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Vizio Thin + Light CT14A-A4 14-inch Ultrabook PC

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VIZIO Thin + Light

VIZIO Thin + Light

©VIZIO

The Bottom Line

Dec 13 2012 - VIZIO's entry into the ultrabook market is certainly sleek and stylish thanks to its thin profile and aluminum profile. Most people will probably like the system for its high resolution display which is certainly better than what most companies have been using on their 14-inch ultrabooks. The downside is that the system has below average running times and a keyboard that is certainly not one of the better ones on the market for those that will be using it heavily.

Pros

  • Very Thin and Light
  • High Resolution Display
  • Well Built Aluminum Frame

Cons

  • Poor Keyboard Design
  • Below Average Battery Life
  • Lacks SD Card Slot or Ethernet Port

Description

  • Intel Core i5-3317U Dual Core Mobile Processor
  • 4GB PC3-12800 DDR3 Memory
  • 128GB Solid State Drive
  • 14" WSXGA+ (1600x900) Display With 1.3Megapixel Webcam
  • Intel HD Graphics 4000 Integrated Graphics
  • 802.11a/g/n Wireless, Bluetooth
  • Two USB 3.0, HDMI
  • 13.3" x 9.2" x .7" @ 3.4 lbs.
  • Windows 8, Office Starter

Review - Vizio Thin + Light CT14A-A4

Dec 13 2012 - VIZIO's Thin + Light is the smaller of their two entries into the laptop computer market and is actually based around the ultrabook standard. The overall design is comparable to the Apple MacBook Air in the fact that it uses an aluminum shell with a thin overall profile. It isn't quite as thin on the front edge but does have one of the thinnest profiles at under seven tenths of an inch thick at the rear hinge. The biggest downside is that like the smaller 11-inch MacBook Air, there is limited space for peripheral ports and there is no SD card reader or Ethernet port.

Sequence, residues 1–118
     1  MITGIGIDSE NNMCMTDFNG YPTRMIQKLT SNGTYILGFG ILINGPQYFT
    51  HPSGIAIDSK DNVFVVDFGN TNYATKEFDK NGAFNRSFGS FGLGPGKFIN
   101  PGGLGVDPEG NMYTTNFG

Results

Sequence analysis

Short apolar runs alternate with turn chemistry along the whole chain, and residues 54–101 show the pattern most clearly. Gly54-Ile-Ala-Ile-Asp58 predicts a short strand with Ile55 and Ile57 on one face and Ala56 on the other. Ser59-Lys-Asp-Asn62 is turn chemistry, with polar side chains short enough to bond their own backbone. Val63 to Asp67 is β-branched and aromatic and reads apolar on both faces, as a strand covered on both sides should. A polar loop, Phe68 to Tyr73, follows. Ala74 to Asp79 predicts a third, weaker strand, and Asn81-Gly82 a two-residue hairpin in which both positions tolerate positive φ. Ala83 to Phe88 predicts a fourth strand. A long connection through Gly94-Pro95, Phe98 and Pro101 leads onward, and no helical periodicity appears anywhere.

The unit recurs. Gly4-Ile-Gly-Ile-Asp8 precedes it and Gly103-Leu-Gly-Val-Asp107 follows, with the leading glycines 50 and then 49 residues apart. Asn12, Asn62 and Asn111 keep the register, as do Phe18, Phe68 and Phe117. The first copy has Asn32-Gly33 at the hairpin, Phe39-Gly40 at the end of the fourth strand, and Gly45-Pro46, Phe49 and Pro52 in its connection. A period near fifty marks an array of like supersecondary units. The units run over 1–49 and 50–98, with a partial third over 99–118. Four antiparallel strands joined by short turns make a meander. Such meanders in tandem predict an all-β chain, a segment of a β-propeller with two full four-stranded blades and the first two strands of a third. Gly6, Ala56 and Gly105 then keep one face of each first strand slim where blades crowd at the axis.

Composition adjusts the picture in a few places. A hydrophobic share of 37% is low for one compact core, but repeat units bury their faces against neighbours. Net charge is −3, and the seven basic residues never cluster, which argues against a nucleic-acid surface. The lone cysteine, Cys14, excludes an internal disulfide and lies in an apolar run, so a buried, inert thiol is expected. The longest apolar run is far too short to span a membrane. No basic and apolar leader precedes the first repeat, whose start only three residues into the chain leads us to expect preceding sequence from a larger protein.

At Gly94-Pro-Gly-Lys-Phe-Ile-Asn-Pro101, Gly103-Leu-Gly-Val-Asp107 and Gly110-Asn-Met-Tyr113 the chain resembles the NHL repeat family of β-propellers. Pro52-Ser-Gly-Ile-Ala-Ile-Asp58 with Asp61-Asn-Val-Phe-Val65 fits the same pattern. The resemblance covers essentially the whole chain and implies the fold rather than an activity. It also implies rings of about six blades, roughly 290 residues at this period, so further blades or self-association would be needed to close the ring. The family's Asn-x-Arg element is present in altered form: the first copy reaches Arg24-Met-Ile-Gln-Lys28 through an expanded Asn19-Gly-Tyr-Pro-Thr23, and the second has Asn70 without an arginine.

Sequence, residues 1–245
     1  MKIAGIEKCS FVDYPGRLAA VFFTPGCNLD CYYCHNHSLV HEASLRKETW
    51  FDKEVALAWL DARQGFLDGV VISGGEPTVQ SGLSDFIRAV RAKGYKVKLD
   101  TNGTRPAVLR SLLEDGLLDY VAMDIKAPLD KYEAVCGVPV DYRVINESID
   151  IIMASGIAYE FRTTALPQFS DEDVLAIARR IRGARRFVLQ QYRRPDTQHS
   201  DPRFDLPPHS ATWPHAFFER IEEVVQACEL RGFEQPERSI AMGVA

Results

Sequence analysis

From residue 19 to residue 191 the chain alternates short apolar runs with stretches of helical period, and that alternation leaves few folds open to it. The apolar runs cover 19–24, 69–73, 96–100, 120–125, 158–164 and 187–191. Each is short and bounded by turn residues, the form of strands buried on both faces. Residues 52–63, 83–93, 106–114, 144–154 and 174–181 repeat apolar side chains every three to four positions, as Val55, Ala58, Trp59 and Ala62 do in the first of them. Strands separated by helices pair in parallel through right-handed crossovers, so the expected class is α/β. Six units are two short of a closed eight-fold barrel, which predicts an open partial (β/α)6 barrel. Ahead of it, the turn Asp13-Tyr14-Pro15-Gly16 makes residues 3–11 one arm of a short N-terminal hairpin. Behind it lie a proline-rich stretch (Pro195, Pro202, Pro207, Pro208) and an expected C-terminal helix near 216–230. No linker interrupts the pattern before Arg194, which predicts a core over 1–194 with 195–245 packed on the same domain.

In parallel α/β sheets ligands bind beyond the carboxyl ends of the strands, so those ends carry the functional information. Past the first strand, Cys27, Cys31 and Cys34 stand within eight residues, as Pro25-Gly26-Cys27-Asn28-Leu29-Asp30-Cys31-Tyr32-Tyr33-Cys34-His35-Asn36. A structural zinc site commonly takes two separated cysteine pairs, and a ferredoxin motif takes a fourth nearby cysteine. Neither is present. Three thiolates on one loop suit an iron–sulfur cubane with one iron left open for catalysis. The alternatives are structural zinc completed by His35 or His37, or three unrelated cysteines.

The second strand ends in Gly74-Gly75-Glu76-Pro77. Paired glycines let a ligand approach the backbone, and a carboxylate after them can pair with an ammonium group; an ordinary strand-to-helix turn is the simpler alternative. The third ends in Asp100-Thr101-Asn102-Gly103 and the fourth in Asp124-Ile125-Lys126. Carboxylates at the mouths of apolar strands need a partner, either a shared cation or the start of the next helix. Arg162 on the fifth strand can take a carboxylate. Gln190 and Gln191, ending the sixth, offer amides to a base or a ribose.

Powering the VIZIO Thin + Light is the Intel Core i5-3317U dual core mobile processor. This is the lower voltage processor for ultrabooks and provides sufficient performance for the average user that will be browsing the web, reading email, watching streaming video or writing up some documents. With 4GB of DDR3 memory, it runs smoothly enough with the Windows 8 operating system. The downside here is that it features a sealed style chassis design that means that the memory can't be upgrade. The result is that it will struggle much more when dealing with more demanding applications such as desktop video editing.

While most of the 14-inch ultrabooks on the market have looked towards hybrid storage between a hard drive and a solid state drive for caching, the Thin + Light uses a straight solid state drive. This does mean that it has more limited storage space of just 128GB but it should provide more performance from the system. Boot times are around twenty two seconds for a cold boot and just a couple when waking from sleep. If you do need additional space, there are two available USB 3.0 ports for use with high speed external storage devices. Like most ultrabooks, it does not feature any optical drive and no SD card slot as previously mentioned.